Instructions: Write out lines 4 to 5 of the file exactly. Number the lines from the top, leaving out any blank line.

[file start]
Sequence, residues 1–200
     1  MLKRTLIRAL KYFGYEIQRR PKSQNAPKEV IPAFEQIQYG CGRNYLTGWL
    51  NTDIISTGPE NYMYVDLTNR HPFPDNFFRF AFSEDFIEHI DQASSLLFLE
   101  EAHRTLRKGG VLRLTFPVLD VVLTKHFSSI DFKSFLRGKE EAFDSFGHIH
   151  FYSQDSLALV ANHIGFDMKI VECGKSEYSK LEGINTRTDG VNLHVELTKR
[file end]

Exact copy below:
   101  EAHRTLRKGG VLRLTFPVLD VVLTKHFSSI DFKSFLRGKE EAFDSFGHIH
   151  FYSQDSLALV ANHIGFDMKI VECGKSEYSK LEGINTRTDG VNLHVELTKR